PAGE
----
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(2nd LD) Parliamentary committee passes bill to widen BOK's role

All Headlines 18:10 December 07, 2009

(ATTN: UPDATES with more details in paras 6-8; 11-13)

SEOUL, Dec. 7 (Yonhap) -- A parliamentary committee approved a bill Monday to beef up the Bank of Korea (BOK)'s role in coping with financial instability and give the central bank limited authority to investigate practices at local financial firms.

The legal revision by the Strategy and Finance Committee of the National Assembly is aimed at allowing the BOK to play a wider role in enhancing financial stability in the face of turmoil. The bill is subject to approval by the parliament's judiciary committee.

The current law regulating the BOK's activities was last revised in 1998, making price stability the central bank's top priority while its authority to supervise local banks was transferred to the Financial Supervisory Service (FSS), the financial watchdog.

But the global financial rout, sparked by the collapse of Lehman Brothers last year, has drawn calls to revise the law so as to strengthen the BOK's role in stabilizing the financial market along with its main goal of curbing inflation.

The bill allows the central bank to launch a probe into practices at local banks on its own if the FSS refuses to conduct joint inspections without proper reasons. Under a preliminary deal clinched in September between the two bodies, if the central bank requests a joint inspection after its monetary policy meeting approves it, the watchdog should launch the investigation within one month.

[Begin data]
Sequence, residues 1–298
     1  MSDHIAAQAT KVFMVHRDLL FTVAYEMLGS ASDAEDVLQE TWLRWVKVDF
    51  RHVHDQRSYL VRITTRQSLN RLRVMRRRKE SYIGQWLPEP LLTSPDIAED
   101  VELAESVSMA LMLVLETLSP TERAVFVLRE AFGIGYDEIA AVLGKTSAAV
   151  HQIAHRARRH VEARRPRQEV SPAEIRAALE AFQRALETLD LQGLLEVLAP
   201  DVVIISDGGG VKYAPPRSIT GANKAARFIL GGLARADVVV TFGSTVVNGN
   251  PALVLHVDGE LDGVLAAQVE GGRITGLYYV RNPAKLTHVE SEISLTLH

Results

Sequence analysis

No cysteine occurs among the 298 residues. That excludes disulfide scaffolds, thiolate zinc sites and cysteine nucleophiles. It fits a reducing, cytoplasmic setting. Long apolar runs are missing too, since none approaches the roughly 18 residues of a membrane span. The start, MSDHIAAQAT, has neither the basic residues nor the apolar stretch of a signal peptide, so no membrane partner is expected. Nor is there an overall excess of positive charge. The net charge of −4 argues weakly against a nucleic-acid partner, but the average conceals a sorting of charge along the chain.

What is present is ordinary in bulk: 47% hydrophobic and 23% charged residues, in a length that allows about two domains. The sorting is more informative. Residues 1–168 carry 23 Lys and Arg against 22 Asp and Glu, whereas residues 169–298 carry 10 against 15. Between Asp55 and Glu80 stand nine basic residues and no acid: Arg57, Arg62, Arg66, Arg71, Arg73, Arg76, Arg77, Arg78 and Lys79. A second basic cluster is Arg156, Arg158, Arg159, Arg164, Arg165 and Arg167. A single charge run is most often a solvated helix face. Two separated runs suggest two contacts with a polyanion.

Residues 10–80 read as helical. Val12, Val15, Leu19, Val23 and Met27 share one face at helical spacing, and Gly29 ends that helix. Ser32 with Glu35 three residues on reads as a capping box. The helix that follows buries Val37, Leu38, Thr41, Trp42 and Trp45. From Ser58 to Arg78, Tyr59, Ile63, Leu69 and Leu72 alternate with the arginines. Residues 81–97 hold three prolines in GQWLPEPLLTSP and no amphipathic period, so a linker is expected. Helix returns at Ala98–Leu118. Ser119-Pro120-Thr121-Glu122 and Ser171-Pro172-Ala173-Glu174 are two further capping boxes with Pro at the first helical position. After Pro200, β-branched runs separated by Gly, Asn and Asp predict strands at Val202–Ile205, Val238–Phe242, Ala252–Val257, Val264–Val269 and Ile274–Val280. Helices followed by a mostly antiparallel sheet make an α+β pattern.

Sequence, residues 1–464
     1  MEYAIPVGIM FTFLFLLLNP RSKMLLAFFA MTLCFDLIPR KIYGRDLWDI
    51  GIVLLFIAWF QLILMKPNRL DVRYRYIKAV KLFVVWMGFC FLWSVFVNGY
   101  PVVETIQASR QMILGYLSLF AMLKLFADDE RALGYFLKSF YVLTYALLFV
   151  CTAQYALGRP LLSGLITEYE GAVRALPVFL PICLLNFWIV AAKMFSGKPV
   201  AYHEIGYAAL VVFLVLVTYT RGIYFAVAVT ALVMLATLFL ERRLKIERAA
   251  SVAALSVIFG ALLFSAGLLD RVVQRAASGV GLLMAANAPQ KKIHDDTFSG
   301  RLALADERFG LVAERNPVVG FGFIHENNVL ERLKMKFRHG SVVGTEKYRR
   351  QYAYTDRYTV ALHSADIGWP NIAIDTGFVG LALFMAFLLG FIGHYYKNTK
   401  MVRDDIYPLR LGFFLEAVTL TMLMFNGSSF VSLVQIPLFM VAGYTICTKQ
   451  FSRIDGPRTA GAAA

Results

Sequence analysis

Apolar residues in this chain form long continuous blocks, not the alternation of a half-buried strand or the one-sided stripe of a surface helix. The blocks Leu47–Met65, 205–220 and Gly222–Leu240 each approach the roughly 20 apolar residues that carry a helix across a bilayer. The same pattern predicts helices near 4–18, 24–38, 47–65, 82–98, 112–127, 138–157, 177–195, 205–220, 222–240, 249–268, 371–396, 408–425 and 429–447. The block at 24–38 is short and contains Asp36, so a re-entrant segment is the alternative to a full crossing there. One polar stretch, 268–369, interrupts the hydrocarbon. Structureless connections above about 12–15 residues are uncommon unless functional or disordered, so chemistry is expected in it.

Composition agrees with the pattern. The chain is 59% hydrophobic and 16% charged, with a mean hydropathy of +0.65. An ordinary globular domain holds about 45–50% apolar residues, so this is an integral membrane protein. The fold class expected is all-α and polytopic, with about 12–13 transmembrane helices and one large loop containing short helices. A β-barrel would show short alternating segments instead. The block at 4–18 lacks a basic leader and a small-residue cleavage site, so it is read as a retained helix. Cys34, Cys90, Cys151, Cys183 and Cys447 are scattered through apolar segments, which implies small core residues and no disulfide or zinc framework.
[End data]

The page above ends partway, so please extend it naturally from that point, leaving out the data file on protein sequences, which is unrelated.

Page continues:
"Under current law, it is difficult for the central bank to aggressively respond to a crisis," BOK Gov. Lee Seong-tae told lawmakers in September.

However, the bill also imposed more responsibility on the central bank. For example, its must now submit its policy meeting minutes to the National Assembly.

The BOK said it is necessary to revise the law to ensure financial stability, but it also struck a cautious note, saying there is still a long way to go before the final passage of the bill.

The government and the financial regulator opposed the revision this year, saying the current supervisory system is not seriously flawed when it comes to dealing with financial turmoil.

"It is regrettable that the bill was passed by the committee," Chin Dong-soo, chairman of the Financial Services Commission, said in a statement. "The results that came out run counter to the global trend in discussion over supervisory rights."

The country's bank association also expressed its opposition to the law revision, saying that the move could incur costs for banks if they undergo redundant inspections.

If the bill passes into law, lenders will be required to put aside cash reserves for their bank bonds. Currently, they have to set aside a certain amount of customer deposits in cash at the central bank.

"The move will hurt banks' balance sheets and result in a rise in market interest rates," the Korea Federation of Banks said in a statement.


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